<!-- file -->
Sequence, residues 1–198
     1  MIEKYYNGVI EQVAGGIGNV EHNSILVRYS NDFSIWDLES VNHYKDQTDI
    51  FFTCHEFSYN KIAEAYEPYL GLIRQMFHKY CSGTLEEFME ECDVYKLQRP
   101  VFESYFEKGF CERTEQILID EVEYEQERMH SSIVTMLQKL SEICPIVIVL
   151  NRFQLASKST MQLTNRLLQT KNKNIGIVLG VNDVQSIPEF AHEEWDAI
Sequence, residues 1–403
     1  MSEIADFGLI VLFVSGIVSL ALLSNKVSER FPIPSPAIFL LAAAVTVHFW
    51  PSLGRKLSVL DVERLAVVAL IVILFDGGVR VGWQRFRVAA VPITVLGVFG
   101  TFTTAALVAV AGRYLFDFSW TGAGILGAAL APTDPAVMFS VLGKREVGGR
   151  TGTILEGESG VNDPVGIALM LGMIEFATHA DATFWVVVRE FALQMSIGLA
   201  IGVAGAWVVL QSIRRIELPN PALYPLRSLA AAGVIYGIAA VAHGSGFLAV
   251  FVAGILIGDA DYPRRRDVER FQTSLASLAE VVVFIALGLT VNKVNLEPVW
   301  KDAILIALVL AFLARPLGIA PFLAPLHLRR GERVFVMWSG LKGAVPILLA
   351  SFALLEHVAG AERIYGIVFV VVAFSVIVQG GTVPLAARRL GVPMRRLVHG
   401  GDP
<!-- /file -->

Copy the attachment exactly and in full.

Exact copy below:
Sequence, residues 1–198
     1  MIEKYYNGVI EQVAGGIGNV EHNSILVRYS NDFSIWDLES VNHYKDQTDI
    51  FFTCHEFSYN KIAEAYEPYL GLIRQMFHKY CSGTLEEFME ECDVYKLQRP
   101  VFESYFEKGF CERTEQILID EVEYEQERMH SSIVTMLQKL SEICPIVIVL
   151  NRFQLASKST MQLTNRLLQT KNKNIGIVLG VNDVQSIPEF AHEEWDAI
Sequence, residues 1–403
     1  MSEIADFGLI VLFVSGIVSL ALLSNKVSER FPIPSPAIFL LAAAVTVHFW
    51  PSLGRKLSVL DVERLAVVAL IVILFDGGVR VGWQRFRVAA VPITVLGVFG
   101  TFTTAALVAV AGRYLFDFSW TGAGILGAAL APTDPAVMFS VLGKREVGGR
   151  TGTILEGESG VNDPVGIALM LGMIEFATHA DATFWVVVRE FALQMSIGLA
   201  IGVAGAWVVL QSIRRIELPN PALYPLRSLA AAGVIYGIAA VAHGSGFLAV
   251  FVAGILIGDA DYPRRRDVER FQTSLASLAE VVVFIALGLT VNKVNLEPVW
   301  KDAILIALVL AFLARPLGIA PFLAPLHLRR GERVFVMWSG LKGAVPILLA
   351  SFALLEHVAG AERIYGIVFV VVAFSVIVQG GTVPLAARRL GVPMRRLVHG
   401  GDP